On crime and job creation, progressive dogma collides with reality
Evidence is emerging that should begin to resolve controversy on two critical issues, policing and jobs.
Eric Adams’ victory in the Democrat primary in the New York City mayoral race reveals that most people of color do not want to “defund the police” as some progressives demand. According to The New York Times, Adams “rejected calls to defund the Police Department and pledged to expand its reach in the city.” “Black and brown voters flocked to his candidacy…”
On the economic front, last week brought welcome news of a big jump in national employment in June (next week, we’ll find out whether Connecticut participated). Yet a new study showed that the central feature of the first of President Biden’s several planned multi-trillion-dollar programs is backfiring. The extension of the extraordinarily generous supplemental $300 weekly unemployment insurance benefit under Biden’s American Rescue Plan is hindering a jobs recovery.
According to The Wall Street Journal, the study showed that the 22 states that stopped paying the supplement in June have seen their unemployment rolls drop twice as fast as the rolls in the 24 states, including Connecticut, that are still planning to pay the supplement until September. Four states are ending the benefit in July.
This shows again that real people – voters and potential workers — make decisions in their practical self-interest, not according to progressive dogma.
Blacks voting for Adams prefer more cops to keep the streets safe rather than more social workers to do more social work. The Times reported that Adams “focused much of his message on denouncing progressive slogans and policies that he said threatened the lives of ‘Black and brown babies’ and were being pushed by ‘a lot of young, white, affluent people.’”
As for jobs, it only makes sense that if you can make more on unemployment than in the workplace you stay home and collect. However, the long-term consequences are negative for both businesses and workers.
The tragedy is that Blacks living in dangerous neighborhoods are paying the price now for progressive policies and, likely, will pay in the long term, as will unemployed workers who may be profit-maximizing now.
Violent crime has skyrocketed in urban centers, where a disproportionate percentage of Blacks live (in Chicago, there were “at least 108 shootings” – “at least 17 fatal” – over July 4th weekend, according to the Chicago Tribune). This is the damage wrought so far by progressives’ anti-police crusade.
It can only get worse.
Police officers are retiring and quitting in record numbers, as reported recently in The New York Times. In 2020, retirements from the New York City Police Department jumped to 2,600 from 1,500 the prior year. It is not just big cities. In Ashville, N.C., the police chief told The Times, “We have lost about one-third of our staff to resignation and retirement.” Police departments nationwide are having trouble recruiting officers.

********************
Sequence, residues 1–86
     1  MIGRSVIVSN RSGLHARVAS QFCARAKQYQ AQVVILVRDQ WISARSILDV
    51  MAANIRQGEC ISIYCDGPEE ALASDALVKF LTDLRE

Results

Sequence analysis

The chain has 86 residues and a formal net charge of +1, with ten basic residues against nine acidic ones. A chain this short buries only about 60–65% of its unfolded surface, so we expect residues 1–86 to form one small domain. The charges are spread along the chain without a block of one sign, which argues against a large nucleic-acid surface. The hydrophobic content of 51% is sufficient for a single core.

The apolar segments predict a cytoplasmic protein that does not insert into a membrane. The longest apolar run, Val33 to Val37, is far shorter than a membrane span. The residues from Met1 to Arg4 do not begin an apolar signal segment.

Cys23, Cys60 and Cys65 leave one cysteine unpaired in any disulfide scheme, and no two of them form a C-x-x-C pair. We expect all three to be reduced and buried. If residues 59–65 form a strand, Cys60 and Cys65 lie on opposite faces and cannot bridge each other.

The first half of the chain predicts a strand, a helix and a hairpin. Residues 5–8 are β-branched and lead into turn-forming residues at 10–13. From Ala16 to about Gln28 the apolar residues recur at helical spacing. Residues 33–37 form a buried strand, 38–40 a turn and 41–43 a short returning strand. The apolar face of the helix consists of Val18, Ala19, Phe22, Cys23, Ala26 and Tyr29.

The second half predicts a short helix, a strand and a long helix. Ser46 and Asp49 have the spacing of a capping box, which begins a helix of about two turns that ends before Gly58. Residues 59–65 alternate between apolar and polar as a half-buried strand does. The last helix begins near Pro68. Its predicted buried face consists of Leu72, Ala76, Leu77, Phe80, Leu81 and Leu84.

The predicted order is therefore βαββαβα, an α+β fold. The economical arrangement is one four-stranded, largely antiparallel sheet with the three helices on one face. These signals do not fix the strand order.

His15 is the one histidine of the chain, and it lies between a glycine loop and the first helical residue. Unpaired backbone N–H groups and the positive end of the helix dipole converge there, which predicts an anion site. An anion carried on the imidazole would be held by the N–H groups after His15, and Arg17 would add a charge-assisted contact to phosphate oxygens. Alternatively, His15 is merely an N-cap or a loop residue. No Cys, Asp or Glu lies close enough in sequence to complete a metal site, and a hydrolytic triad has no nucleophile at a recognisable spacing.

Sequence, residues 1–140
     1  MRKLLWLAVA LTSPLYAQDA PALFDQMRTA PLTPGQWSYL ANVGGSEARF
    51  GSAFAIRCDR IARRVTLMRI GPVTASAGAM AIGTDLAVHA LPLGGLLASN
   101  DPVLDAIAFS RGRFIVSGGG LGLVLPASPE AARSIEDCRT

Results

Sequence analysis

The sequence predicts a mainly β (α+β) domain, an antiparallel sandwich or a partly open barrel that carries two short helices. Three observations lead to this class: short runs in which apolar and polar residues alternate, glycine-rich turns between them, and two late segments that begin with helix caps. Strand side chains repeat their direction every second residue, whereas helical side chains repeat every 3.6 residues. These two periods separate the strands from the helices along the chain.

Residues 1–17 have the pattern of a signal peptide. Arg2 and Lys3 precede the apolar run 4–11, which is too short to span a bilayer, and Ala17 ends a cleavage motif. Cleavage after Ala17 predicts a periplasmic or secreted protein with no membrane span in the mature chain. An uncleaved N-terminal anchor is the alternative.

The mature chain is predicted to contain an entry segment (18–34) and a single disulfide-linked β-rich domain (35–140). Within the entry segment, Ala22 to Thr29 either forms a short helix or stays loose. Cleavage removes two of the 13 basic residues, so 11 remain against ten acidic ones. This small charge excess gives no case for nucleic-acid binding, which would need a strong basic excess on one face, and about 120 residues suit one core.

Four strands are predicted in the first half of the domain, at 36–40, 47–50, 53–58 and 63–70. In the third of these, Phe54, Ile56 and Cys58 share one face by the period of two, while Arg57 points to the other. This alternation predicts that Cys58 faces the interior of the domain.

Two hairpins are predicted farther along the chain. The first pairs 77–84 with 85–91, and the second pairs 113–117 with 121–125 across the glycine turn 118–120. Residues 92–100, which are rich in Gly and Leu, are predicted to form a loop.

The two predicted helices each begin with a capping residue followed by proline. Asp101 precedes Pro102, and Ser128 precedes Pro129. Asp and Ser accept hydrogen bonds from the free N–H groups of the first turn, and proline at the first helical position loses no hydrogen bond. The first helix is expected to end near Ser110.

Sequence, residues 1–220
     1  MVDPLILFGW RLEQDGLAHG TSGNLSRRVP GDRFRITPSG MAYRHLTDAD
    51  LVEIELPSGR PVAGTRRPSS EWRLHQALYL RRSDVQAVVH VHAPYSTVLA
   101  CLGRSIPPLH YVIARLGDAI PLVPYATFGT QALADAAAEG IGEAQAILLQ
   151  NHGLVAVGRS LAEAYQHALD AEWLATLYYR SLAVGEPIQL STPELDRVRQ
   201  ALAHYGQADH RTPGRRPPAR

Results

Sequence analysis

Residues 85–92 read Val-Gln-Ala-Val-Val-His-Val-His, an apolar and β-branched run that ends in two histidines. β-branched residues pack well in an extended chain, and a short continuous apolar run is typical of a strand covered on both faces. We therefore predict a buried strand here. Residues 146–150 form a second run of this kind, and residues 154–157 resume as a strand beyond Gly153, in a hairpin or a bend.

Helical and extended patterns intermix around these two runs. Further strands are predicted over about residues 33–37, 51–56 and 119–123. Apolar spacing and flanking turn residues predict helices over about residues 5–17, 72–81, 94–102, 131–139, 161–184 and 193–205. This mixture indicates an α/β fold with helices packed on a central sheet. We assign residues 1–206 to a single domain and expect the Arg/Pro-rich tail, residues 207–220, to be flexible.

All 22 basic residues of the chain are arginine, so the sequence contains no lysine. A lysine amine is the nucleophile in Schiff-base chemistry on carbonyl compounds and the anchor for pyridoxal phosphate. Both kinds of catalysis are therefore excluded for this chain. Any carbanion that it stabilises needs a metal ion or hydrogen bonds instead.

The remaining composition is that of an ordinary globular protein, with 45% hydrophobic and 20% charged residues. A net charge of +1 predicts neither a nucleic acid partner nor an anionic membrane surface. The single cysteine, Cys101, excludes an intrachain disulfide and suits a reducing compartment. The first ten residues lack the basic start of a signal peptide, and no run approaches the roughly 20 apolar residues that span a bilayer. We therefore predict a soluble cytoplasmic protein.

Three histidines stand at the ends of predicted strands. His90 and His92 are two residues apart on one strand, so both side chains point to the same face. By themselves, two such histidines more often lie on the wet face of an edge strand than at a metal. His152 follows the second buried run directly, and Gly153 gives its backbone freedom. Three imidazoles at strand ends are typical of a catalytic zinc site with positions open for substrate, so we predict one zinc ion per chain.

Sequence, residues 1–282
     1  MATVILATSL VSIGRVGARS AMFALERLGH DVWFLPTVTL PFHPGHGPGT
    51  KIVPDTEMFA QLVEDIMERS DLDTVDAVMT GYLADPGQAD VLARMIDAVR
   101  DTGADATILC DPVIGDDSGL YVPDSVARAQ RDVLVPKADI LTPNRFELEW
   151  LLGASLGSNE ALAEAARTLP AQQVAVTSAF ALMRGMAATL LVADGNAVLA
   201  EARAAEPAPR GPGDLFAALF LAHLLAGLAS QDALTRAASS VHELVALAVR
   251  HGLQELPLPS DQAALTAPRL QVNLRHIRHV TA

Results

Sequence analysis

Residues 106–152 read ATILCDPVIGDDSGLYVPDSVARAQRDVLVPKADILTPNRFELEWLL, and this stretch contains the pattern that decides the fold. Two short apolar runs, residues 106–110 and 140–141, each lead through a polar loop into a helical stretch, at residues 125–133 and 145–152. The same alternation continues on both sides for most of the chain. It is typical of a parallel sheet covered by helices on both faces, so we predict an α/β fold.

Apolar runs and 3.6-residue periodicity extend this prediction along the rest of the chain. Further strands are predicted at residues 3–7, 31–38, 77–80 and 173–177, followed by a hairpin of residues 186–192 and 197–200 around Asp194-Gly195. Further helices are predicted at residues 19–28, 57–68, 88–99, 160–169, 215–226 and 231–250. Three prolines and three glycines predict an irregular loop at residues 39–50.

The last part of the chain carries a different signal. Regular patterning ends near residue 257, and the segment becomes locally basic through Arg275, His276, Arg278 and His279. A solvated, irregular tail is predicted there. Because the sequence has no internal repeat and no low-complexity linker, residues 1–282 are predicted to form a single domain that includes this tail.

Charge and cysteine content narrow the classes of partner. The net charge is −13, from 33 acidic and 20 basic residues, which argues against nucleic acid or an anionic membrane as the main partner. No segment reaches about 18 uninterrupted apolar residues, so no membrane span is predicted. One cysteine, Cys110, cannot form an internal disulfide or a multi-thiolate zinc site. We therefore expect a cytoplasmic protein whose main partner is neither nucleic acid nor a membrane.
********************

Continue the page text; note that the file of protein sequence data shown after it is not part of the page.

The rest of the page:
Fewer cops will mean more violent crime, particularly in Black neighborhoods. Evidently, Adams and Black voters in New York City understand this simple reality.
On the economic front, persistently high unemployment has adverse consequences. Paying unemployment benefits is costly, first, to states, and, ultimately, to their businesses, which face higher future taxes to replenish states’ unemployment trust funds.
Businesses are having difficulty finding workers and having to pay signing bonuses and higher wages to lure them off the unemployment rolls. Some businesses will fail under these pressures. Some may relocate to more business-friendly states.
For unemployed workers, the impacts are also negative: relatively fewer jobs will be available when they do come off unemployment if more businesses fail and relocate. Long-term unemployment leads inevitably to diminished skills. Those “last hired” are vulnerable: “Last hired, first fired.”
This is a toxic economic mix for states continuing to pay the $300 supplement and for unemployed workers receiving it.
While employment has been recovering nationally, it has not in Connecticut. The Nutmeg State is in a full-blown jobs crisis with the latest (May) jobs statistics showing that Connecticut has sustained the worst shrinkage in its employment rolls. The civilian workforce is down almost 10% from February 2020, as workers have stopped looking for work or left the state. Of the reduced workforce, 7.7% were unemployed, the sixth highest rate in the nation.
As a consequence, employment in May (about 1.62 million) was 16% below the pre-pandemic full employment level (the workforce of 1.93 million). The next worst number was 11 percent in Hawaii. Thirteen states have grown their workforces.
Governor Lamont should call a special legislative session to deal with the jobs crisis, not just offer happy talk, as he did when May job statistics were released. June’s numbers, no matter how good, will still show Connecticut in last place.
Red Jahncke (Twitter: @RedJahncke) is president of The Townsend Group Intl. LLC, a Connecticut business consulting firm, and a contributing Day columnist.
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